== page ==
you and your friend use the laptop identically? Do you run the same
    programs, always having it resting on a hard surface so that vents are
    not randomly blocked, say, by sitting in your lap? How attentive is
    your friend to his computer? Does his "No, my computer never does
    that" really mean it happens in situations where there are enough
    distractions that he would never notice? Sit the two computers side
    by side and perform a controlled experiment, if his computer really
    *is* identical (same GHz, same memory, same disk)? No, you already
    said the disk drives are different, and yes, disk operation can affect
    the fan.

    Nice of Fujitsu to replace all that stuff. No big surprise that it
    didn't change anything. Find something else to worry about.

    RM



    Seems unlikely
     
    Robert Myers, Jan 21, 2004
    #7
  8. Sanjay Punjab

    Andre Guest

    I owned a Toshiba laptop, and a BKPW Note Pro like this, its a
    "feature" that keeps the processor at the same temperature while
    maximising battery life (reducing the fan speed during low CPU usage,
    and increasing it when the CPU is being thrashed, such as a lot of
    3D).

    You might try looking in the BIOS for anything like "Fan mode
    settings" or similar, sometimes they give you the option of turning
    off the demand based fan speed.

    -A
     
    Andre, Jan 21, 2004
    #8
  9. Howdy!

    So it should wait to turn it on? The fan control logic doesn't know
    how long your task will run - and it could easily be a design criteria to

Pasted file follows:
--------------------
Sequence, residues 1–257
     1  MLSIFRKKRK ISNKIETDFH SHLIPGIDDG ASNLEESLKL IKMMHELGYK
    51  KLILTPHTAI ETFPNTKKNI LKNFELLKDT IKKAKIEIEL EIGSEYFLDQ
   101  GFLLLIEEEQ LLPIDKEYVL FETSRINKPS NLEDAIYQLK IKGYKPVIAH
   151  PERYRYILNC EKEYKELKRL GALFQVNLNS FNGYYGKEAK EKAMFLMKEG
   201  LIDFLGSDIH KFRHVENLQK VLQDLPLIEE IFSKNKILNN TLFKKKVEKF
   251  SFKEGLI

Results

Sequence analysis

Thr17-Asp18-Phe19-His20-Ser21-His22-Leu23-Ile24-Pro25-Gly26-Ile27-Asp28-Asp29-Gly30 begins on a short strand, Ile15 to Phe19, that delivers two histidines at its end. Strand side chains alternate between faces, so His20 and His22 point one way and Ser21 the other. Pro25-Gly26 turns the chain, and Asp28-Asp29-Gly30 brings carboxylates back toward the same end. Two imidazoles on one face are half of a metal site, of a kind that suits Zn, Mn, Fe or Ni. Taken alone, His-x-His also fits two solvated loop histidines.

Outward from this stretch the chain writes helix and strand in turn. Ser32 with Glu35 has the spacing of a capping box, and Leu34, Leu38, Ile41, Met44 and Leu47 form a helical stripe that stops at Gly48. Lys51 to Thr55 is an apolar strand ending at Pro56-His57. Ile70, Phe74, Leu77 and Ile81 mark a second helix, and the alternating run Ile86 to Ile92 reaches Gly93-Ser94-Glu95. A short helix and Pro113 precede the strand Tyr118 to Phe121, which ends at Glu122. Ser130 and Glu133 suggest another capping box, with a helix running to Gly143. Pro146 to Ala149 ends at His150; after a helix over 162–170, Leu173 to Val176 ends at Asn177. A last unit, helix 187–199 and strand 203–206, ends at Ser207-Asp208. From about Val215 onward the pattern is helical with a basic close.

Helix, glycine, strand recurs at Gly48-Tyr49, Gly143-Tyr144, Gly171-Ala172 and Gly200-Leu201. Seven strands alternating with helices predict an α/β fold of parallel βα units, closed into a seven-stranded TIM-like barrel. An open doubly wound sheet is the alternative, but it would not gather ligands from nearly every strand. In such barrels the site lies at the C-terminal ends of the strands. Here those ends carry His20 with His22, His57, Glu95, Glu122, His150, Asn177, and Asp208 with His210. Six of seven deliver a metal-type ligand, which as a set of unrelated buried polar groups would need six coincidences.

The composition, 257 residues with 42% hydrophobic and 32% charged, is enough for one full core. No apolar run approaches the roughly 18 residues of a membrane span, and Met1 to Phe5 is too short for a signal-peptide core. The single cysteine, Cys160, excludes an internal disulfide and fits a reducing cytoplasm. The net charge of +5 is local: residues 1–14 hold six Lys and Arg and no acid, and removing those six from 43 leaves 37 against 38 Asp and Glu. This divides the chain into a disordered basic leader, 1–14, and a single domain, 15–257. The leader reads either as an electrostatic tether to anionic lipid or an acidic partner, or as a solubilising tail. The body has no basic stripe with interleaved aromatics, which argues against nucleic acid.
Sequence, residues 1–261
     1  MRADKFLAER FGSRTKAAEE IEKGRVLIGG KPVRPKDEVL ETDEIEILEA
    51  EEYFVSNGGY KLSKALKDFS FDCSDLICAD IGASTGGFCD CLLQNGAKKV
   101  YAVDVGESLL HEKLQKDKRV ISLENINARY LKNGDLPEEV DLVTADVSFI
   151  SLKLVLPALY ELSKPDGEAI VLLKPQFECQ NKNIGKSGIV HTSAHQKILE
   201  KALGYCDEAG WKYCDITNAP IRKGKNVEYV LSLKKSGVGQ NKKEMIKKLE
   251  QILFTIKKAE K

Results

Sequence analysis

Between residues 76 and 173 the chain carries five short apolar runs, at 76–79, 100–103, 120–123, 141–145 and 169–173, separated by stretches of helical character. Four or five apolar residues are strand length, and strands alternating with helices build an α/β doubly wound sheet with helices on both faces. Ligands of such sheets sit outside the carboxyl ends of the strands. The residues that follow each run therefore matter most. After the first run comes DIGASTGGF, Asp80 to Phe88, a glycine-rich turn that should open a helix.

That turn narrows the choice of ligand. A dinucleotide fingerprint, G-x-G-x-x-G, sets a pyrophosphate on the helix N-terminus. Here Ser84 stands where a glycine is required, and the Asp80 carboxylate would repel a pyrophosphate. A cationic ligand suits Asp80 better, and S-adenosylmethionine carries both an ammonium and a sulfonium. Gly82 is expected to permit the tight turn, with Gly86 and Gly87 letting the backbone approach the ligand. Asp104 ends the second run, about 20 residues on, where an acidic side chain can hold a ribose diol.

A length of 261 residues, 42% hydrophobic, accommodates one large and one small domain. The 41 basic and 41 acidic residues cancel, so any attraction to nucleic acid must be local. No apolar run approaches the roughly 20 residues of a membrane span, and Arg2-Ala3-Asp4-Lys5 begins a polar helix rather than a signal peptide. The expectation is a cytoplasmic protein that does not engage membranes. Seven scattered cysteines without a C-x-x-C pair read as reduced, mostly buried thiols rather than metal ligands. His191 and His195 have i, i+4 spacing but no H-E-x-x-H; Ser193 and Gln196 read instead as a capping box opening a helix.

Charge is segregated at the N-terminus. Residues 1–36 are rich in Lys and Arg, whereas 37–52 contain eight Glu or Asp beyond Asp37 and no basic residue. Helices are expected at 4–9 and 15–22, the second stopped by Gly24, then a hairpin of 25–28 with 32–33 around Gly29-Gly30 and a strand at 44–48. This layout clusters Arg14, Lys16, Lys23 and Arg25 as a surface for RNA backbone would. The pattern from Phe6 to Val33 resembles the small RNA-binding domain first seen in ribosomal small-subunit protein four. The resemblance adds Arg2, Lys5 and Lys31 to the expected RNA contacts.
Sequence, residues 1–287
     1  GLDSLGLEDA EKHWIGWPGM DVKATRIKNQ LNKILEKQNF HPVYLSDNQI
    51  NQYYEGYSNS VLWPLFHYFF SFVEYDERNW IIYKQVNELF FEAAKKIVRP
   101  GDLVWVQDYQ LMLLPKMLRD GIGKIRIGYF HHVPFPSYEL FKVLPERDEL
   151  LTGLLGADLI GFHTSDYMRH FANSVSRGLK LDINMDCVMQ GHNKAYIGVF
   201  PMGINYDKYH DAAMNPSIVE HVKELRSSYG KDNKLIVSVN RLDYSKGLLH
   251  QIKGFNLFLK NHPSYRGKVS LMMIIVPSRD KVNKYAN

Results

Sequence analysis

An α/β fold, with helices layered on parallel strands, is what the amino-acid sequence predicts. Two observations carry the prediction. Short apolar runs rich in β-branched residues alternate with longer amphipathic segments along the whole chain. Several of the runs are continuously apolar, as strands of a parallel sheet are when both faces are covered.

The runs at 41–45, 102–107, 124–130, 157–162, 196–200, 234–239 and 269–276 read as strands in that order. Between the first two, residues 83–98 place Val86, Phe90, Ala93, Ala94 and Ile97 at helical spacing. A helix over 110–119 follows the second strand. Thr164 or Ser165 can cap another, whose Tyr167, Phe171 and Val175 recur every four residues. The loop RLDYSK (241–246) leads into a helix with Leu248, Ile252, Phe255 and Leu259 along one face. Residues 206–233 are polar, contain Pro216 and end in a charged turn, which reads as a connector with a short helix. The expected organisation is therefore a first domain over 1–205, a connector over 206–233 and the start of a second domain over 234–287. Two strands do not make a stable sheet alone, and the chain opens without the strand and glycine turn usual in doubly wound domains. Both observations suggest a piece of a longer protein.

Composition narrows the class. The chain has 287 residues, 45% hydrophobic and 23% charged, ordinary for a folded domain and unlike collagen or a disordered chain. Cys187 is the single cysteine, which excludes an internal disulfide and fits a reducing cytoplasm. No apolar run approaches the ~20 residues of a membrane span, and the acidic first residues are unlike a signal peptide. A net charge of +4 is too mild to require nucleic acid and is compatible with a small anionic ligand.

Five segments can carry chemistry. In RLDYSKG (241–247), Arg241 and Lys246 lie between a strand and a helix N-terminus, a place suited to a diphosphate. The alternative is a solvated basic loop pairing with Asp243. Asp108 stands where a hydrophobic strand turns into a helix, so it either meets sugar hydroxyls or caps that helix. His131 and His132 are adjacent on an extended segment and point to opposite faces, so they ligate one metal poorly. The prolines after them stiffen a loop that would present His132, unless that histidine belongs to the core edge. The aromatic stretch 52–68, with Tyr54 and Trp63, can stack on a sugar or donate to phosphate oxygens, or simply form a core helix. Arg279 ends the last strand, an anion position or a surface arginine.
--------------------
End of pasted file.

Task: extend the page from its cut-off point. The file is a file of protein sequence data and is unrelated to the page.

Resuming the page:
keep the temp down as low as possible concurrent with decent battery life.

    Doesn't sound so bad to me,honestly.

    RwP
     
    Ralph Wade Phillips, Jan 22, 2004
    #9
  10. It should turn on when temperature reaches certain level.
    To prove my point let's see a different situation - medium CPU load for a
    long time raises temperature significantly (much higher than after that
    short spike of load), yet fan does not turn on. Is that a good design?
    No way.

    The idea is to keep temperature down, so that should be a controlled
    parameter. You do not control engine temperature and cooling by
    measuring how fast the car goes, you do it with a thermal sensor.

    Alexei
     
    Alexei Boukirev, Jan 22, 2004
    #10
  11. It sounds like that is exactly what it is trying to do.
    That was the "state of the art" solution from 100 years ago.
    Computers (and even vehicles!) are much more sophisticated
    than that these days. They can anticipate need, and even "learn"
    usage patterns. The machines are getting smarter than us whether
    we like it or not! :)
     
    Richard Crowley, Jan 22, 2004
    #11
  12. This reminds me of Microsoft Word, which sometimes keeps capitalising some
    words whether I like it or not :) I get really frustrated when I'm forced
    to go back and change letter case to what it should be (what I originally
    entered). "Smartness" have both good and bad sides.

    Unfortunatly with some laptops, when you enter BIOS, you only have a choice
    to let it control fan in a "smart" way or have fan always on. What I want
    is a choice to control fan in "normal" way, i.e. depending on CPU
    temperature (well, maybe add ambient temperature influence there).

    Alexei
     
    Alexei Boukirev, Jan 22, 2004
    #12
  13. Mostly negative IMO. The newer versions of Windows
    seem to be HARD WIRED to paste WITH formatting and
    it is driving me completely up the wall. I am forced to go
    through a menu item just to get plain old-fashioned "dumb"
    paste. And sometimes the option isn't available at all! 8-{
     
    Richard Crowley, Jan 23, 2004
    #13